Rental growth potential will be key factor for investors
Irish yields continue to look attractive compared with other European markets
People queueing to view a property in Dublin. “As a result of the significant supply/demand imbalance in the marketplace, our outlook for residential and student accommodation remains very positive,” says Fergus O’Farrell.
Which sectors of the market will be most active next year?
Transaction volumes in the investment sector have fallen from €4.47 billion in 2016 to an estimated €2.5 billion for 2017. The fall in volumes is directly linked to a drop in the supply of investment assets – a trend we will continue to see into 2018.
Due to the supply shortage, coupled with an increase in demand, we will continue to see all sectors of the market remain active, with a particular focus on the office and residential sectors. Supply in both sectors is particularly constrained, which is having a positive effect on rental growth.
The outlook for the offices sector remains very positive, notwithstanding the 30 per cent increase in rents we have seen over the last three years. The level of active demand is at peak levels and this is with little or no activity yet from Brexit, which will eventually materialise.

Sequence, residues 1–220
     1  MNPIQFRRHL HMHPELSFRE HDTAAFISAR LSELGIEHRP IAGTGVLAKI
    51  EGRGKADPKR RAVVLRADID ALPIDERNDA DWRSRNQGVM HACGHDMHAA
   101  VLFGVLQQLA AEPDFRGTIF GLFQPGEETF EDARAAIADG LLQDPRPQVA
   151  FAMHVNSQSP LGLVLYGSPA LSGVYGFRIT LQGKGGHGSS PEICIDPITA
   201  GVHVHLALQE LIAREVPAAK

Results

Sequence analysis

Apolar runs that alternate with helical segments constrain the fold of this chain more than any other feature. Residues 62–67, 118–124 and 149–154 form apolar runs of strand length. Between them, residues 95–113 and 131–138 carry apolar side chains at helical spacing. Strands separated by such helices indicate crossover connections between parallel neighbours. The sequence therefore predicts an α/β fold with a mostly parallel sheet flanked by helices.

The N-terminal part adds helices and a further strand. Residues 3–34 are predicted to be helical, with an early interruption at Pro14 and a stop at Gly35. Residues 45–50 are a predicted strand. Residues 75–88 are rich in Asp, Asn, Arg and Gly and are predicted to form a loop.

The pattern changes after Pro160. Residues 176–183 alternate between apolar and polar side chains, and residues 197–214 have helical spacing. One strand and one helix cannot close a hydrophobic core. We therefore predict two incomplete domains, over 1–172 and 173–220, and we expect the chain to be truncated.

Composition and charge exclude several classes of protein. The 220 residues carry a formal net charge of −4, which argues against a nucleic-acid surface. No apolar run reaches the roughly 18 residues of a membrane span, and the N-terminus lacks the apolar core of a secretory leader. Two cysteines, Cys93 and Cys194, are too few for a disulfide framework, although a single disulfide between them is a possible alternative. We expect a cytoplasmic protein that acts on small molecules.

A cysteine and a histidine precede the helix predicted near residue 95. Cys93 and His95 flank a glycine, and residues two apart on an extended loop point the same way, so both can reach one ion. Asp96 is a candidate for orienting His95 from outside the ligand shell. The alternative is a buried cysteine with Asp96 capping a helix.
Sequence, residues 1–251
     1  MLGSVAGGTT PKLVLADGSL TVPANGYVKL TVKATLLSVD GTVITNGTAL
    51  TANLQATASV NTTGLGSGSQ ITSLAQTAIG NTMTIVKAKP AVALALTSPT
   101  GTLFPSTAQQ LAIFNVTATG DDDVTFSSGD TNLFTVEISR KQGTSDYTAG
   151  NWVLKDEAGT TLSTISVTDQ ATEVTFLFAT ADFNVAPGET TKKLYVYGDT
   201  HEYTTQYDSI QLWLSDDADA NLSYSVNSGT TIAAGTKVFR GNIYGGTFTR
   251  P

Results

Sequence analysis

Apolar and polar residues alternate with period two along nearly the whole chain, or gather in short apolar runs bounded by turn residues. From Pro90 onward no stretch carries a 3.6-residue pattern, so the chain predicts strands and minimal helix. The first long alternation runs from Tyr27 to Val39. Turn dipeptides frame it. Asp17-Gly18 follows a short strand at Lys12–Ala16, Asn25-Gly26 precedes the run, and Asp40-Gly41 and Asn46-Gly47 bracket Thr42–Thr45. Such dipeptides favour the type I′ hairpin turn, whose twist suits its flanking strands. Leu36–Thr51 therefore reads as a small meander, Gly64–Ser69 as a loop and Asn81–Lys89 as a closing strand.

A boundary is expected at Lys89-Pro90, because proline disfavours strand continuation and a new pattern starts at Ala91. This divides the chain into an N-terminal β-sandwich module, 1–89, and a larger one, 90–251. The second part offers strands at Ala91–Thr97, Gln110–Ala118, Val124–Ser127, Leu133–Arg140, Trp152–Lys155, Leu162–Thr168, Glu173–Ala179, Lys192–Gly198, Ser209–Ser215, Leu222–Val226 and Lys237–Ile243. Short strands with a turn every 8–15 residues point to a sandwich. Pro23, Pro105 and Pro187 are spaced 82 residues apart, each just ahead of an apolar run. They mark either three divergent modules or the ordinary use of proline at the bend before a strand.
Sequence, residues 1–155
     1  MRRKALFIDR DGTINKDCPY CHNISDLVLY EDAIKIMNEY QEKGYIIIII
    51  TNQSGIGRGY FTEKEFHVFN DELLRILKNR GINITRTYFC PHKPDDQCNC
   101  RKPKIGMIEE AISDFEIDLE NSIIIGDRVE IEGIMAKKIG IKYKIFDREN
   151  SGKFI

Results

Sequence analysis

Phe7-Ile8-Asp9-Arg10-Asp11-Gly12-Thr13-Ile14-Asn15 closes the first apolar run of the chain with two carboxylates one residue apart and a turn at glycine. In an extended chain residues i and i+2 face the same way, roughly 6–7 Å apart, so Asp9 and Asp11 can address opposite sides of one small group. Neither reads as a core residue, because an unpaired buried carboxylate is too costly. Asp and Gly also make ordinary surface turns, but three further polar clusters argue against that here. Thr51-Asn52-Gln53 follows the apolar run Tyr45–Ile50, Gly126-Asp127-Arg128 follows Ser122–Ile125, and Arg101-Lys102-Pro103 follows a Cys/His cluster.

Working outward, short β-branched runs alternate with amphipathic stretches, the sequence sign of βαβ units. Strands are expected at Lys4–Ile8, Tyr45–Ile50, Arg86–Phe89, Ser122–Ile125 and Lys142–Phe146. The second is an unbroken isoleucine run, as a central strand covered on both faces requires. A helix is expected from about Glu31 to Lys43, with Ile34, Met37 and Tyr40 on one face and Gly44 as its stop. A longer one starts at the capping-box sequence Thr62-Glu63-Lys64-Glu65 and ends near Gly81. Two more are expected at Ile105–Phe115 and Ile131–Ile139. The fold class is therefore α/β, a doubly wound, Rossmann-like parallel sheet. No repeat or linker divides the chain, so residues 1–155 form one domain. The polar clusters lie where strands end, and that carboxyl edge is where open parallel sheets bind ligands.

Have rents and yields peaked across various asset classes?
In the prime sector of all asset classes, there is still room for further rental growth and yield compression. Looking specifically at yields, we continue to look attractive relative to our European peers, though the gap is narrowing.
The margin for downward movement becomes smaller as you move towards peak levels, however the multipliers at these yield levels are so large, small movements can have a significant effect on capital value.
Where are the best investment opportunities at this stage?
The best investment opportunities really depend on the risk profile of the particular investor. As a result of the significant supply/demand imbalance in the marketplace, our outlook for residential and student accommodation remains very positive.
Elsewhere, prime offices and retail continue to provide a safe haven for core investors. In particular, I am most positive – in the short term – towards city centre office development, especially for stock delivering in 2018/ 2019.
Clearly there are inherent risks with office development, but looking at the demand side, the opportunity to develop, let and exit to a core investor remains a manageable risk, notwithstanding current site prices and development costs.
One thing to watch out for in 2018?
We have had significant rental growth over the last 4 years and this raises questions about sustainability and future growth prospects.
It is unprecedented times for the investment sector in Ireland, as we are now a global player in the sector. From an investor and occupier point of view, this augers well for continued performance.
However, in 2018 I believe investors will look hard at the data to try to determine future growth prospects, with a specific focus on rental growth.
Fergus O’Farrell is director of investments at Savills